On Wednesday, an Egyptian criminal court in Cairo sentenced nine men to lengthy prison terms, including life, for participating in the kind of mob sexual assaults that have become commonplace, particularly in the capital’s iconic Tahrir Square.
The verdicts were a rarity: Seldom are Egyptian men held accountable for rape in the country’s troubled criminal justice system, much less for the endemic episodes of sexual harassment that most Egyptian women reportedly experience in their lifetimes.
Understandably, victims and women’s rights advocates were pleased to have won a measure of recompense.
“It’s a good verdict, of course. I didn’t think we’d get our rights like this,” a 29-year-old mother of three who was attacked on June 8 told the independent news site Mada Masr.
“Of course, this has been very good news for the women. It has given them some peace of mind,” Mostafa Mohamed, a lawyer for the Nazra for Feminist Studies group, told the website.
But while some cautiously welcomed the verdicts, they and others also expressed concerns that the rulings were outliers, more for show than an indication of the kind of substantive change needed in Egypt’s police, judiciary and society at large to begin reducing the almost unparalleled scale of sexual violence in the country.
The nationally televised sentencing session came after a surge in sexual assaults that coincided with the inauguration of President Abdel Fattah El Sisi, the former defense minister who overthrew Egypt’s first democratically elected leader, Mohamed Morsi, in July 2013. One vicious incident, which occurred the day of the inauguration, was captured by a bystander using his mobile phone and showed a woman — stripped and marked by welts — being pushed, pulled and groped through Tahrir Square by a crowd as others tried to usher her to safety.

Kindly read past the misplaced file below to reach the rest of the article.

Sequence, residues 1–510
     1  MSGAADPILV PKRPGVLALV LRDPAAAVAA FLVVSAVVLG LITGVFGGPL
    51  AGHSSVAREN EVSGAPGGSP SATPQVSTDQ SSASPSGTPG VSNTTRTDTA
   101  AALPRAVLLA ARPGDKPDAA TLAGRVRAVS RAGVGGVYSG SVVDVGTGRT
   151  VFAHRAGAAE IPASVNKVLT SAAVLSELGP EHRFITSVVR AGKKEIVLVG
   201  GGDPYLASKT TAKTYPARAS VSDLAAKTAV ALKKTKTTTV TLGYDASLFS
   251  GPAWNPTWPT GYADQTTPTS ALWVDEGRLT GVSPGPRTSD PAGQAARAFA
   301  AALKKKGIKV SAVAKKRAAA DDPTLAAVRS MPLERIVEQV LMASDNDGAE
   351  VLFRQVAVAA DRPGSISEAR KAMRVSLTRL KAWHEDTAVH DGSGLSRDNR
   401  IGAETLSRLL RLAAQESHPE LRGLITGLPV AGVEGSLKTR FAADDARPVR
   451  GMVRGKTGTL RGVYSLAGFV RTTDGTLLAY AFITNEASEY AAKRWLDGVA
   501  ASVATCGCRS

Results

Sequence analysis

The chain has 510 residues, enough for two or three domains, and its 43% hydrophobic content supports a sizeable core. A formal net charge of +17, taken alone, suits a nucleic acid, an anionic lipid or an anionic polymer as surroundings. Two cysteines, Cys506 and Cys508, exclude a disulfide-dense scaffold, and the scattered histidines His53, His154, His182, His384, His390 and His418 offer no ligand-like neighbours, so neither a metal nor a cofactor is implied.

In a rare display of high-level attention to the issue, Sisi afterward made a well-publicized visit to the woman’s hospital bed with a bouquet of flowers and apologized, saying the incident had shamed the nation.
“Our honor is being assaulted in the streets,” Sisi said. “This is unacceptable, and we can't allow one more incident like this to happen.”
He quickly formed a committee tasked with addressing sexual violence and instructed Interior Minister Mohamed Ibrahim to make the issue a priority. Seven men were arrested in connection with the incident, part of a group of 13 who were referred to trial under unusually speedy procedures.